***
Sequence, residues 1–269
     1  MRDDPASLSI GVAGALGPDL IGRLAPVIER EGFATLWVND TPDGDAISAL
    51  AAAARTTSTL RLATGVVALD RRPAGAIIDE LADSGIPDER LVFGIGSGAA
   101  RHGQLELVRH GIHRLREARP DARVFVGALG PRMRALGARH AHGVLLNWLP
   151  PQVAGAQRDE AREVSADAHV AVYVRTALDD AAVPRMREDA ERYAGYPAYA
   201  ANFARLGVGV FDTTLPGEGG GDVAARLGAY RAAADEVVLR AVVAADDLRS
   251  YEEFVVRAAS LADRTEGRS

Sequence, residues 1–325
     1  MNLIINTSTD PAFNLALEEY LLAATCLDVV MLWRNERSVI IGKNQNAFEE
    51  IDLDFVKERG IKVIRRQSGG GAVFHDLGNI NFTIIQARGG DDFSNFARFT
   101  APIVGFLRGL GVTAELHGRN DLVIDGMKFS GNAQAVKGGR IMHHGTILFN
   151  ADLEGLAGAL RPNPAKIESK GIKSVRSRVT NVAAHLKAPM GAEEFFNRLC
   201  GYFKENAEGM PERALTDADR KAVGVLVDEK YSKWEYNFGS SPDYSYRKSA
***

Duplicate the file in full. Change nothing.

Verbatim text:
Sequence, residues 1–269
     1  MRDDPASLSI GVAGALGPDL IGRLAPVIER EGFATLWVND TPDGDAISAL
    51  AAAARTTSTL RLATGVVALD RRPAGAIIDE LADSGIPDER LVFGIGSGAA
   101  RHGQLELVRH GIHRLREARP DARVFVGALG PRMRALGARH AHGVLLNWLP
   151  PQVAGAQRDE AREVSADAHV AVYVRTALDD AAVPRMREDA ERYAGYPAYA
   201  ANFARLGVGV FDTTLPGEGG GDVAARLGAY RAAADEVVLR AVVAADDLRS
   251  YEEFVVRAAS LADRTEGRS

Sequence, residues 1–325
     1  MNLIINTSTD PAFNLALEEY LLAATCLDVV MLWRNERSVI IGKNQNAFEE
    51  IDLDFVKERG IKVIRRQSGG GAVFHDLGNI NFTIIQARGG DDFSNFARFT
   101  APIVGFLRGL GVTAELHGRN DLVIDGMKFS GNAQAVKGGR IMHHGTILFN
   151  ADLEGLAGAL RPNPAKIESK GIKSVRSRVT NVAAHLKAPM GAEEFFNRLC
   201  GYFKENAEGM PERALTDADR KAVGVLVDEK YSKWEYNFGS SPDYSYRKSA